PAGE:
Chris Kanich, a security and privacy researcher who teaches in the computer science department at the University of Illinois in Chicago, agrees that “in the technical sense, this appears to be identical to what Facebook and Google are offering.”

But Apple is also adding some significant additional layers of protection. For example, within Sign In with Apple, there will be an option for Apple to create a random, anonymized email address for users. While Facebook Login no longer requires that users share an email address at all—the company says it made sharing email addresses optional five years ago—it does not offer to generate a random email address. Same with Google’s login option: It doesn’t require an email address, but it also doesn’t offer to generate a proxy email address.

And both Facebook and Google still typically require users to share their names and profile pictures—information that is then ultimately passed on to the third-party app makers. In some cases, those login tokens allow developers to request information like birthdays or access to calendars as well. (Apple declined to comment on the record for this story.)

Identity Crisis

One of the elements of Sign In with Apple that has already rankled developers, though, is Apple’s mandate that app makers implement Sign In with Apple if they have already built Facebook and Google’s login features into their apps. Previously, there was documentation that suggested Apple might even require developers to position the Sign In button above all other options—but that language has since changed in Apple’s human interface guidelines. Now the requirement is simply that the Sign In button can’t be smaller than other options, and the user shouldn’t have to scroll to see it.

Leah Culver, the cofounder and chief technology officer of podcast discovery app Breaker, says she’s “not super happy about [Apple] forcing apps to use a certain type of login, and I think it’s kind of petty.”

“The question becomes, just because they control the App Store, should they control the login?” Culver says. She notes that Google doesn’t force Android developers to use Login with Google, something Google confirmed when I asked.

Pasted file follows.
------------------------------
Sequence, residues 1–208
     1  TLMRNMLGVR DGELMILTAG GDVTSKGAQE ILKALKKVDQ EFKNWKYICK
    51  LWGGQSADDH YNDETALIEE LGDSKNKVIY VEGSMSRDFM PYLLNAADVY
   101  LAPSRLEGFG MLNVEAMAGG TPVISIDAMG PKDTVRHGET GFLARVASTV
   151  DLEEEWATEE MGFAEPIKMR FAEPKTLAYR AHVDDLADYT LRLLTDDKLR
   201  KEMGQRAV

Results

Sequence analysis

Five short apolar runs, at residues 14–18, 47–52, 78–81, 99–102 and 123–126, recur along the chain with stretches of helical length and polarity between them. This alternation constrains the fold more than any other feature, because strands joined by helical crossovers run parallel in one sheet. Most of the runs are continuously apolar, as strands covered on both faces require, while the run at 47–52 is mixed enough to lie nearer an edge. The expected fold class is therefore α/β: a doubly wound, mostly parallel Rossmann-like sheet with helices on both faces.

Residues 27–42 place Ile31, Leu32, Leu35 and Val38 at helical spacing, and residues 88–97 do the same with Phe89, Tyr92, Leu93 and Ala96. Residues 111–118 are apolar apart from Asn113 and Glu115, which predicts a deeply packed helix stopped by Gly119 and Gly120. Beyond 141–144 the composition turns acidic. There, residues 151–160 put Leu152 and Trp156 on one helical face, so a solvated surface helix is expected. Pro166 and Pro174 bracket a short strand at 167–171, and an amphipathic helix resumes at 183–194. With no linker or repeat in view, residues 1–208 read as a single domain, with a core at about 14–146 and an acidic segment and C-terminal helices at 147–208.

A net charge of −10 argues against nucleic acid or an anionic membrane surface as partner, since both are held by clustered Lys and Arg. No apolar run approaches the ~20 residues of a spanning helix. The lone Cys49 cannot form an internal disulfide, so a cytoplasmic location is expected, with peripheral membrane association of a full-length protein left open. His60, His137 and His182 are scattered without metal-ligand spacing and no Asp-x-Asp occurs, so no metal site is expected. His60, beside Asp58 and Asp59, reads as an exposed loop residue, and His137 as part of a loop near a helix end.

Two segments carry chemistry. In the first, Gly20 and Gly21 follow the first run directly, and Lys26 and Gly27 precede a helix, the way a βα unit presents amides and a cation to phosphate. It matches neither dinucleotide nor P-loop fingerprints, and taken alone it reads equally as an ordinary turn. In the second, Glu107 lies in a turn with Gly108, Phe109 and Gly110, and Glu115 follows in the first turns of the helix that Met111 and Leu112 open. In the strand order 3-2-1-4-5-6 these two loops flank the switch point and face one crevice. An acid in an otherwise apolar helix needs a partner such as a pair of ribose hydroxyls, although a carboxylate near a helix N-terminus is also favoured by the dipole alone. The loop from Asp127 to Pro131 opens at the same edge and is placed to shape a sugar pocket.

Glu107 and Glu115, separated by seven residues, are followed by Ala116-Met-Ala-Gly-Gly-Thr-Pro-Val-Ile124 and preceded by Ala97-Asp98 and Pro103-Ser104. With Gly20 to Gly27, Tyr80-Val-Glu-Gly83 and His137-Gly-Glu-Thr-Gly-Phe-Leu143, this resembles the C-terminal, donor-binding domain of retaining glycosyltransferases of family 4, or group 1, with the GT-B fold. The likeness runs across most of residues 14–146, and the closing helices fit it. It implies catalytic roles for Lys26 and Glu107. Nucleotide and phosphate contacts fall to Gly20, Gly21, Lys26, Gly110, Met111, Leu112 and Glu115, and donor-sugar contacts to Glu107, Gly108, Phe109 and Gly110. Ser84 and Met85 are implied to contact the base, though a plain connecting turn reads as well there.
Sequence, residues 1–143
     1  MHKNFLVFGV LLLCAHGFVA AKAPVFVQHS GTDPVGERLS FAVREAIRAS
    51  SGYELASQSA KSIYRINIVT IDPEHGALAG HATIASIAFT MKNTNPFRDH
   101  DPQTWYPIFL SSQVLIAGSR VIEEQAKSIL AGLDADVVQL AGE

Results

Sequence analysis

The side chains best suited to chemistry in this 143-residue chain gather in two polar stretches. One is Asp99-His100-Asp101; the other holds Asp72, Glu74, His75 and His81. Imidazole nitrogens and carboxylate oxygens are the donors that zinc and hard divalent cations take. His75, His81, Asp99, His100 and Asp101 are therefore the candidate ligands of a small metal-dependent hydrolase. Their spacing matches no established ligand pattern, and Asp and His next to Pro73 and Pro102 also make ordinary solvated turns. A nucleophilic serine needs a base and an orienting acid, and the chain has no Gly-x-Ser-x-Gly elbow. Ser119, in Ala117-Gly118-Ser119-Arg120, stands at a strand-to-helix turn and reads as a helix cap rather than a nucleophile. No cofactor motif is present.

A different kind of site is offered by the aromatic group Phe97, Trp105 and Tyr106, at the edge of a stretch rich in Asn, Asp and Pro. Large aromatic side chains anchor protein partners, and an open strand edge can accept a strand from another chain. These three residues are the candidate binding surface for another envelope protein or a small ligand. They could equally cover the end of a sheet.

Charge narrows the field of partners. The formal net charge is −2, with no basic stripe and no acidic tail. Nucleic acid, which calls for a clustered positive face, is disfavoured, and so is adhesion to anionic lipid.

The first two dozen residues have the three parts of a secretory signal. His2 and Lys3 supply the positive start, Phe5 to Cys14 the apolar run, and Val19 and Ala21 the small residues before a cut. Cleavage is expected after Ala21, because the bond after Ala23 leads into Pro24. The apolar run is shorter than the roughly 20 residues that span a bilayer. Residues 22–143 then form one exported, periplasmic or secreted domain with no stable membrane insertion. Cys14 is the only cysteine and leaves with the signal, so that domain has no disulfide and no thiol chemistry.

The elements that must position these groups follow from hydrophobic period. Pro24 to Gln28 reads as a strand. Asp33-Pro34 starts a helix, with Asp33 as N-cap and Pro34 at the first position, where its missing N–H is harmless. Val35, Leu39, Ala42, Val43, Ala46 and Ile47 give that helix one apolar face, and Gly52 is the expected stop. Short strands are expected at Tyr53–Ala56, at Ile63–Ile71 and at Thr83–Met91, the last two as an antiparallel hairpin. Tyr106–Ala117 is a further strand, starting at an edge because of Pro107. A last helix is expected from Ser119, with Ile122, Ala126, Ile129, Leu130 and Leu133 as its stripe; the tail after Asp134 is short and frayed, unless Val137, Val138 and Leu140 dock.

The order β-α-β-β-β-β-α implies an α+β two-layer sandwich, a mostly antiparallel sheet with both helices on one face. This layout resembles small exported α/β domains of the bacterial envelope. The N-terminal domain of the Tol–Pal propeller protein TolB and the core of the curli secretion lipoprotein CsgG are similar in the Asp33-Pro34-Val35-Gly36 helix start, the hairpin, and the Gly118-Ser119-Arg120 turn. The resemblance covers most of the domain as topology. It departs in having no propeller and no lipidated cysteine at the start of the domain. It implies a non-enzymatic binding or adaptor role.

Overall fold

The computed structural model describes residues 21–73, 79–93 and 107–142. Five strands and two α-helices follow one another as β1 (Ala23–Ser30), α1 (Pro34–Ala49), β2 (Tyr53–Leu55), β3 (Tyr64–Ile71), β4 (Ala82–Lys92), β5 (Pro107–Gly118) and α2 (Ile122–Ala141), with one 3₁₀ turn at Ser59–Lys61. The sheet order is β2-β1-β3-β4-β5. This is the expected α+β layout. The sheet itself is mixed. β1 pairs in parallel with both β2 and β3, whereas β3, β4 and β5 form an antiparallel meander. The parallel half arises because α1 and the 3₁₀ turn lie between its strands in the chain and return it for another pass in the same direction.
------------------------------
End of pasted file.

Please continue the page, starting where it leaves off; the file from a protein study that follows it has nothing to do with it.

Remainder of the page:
Buzz Andersen has been a software engineer for more than 15 years, and having worked at Apple himself before moving on to companies like Square and Tumblr, he admits to being an Apple fan. He says Sign In with Apple is long overdue, and he personally believes Apple’s offering to be more trustworthy than other options. But even he admits that Apple’s mandate that its sign-in option is offered when other options are present could be a “non-starter” for some developers.

“I’ve already heard of people having issues with that, and it is a little heavy-handed,” Andersen says. “Apple is known for being heavy-handed with its ecosystem.”

While the option to use a randomized email address is designed to protect consumers, some developers say this could create a dilemma. Will Fischer is a product manager in the emerging technology group at Christie’s, the 253-year-old auction house. He says he’s intrigued by Sign In with Apple for his own personal iPhone use, because it’s “absolutely going to make things easier,” but implementing it at work could present complications.

“It’s an interesting concept,” says Fischer. “But there’s currently no anonymous checkout in our app—as a company we have to know who we’re transacting with and who we’re selling to. It’s definitely something we would like to assess more fully.”

Basically, apps using Sign In with Apple can request personal information on the user, like an email address, but they can’t demand it. So an app that requires a more granular level of information about someone’s identity, such as an auction app or banking app, may have to simply use their own direct login. (This also means they can’t offer the sign-in options from Google or Facebook, because of Apple’s mandate.)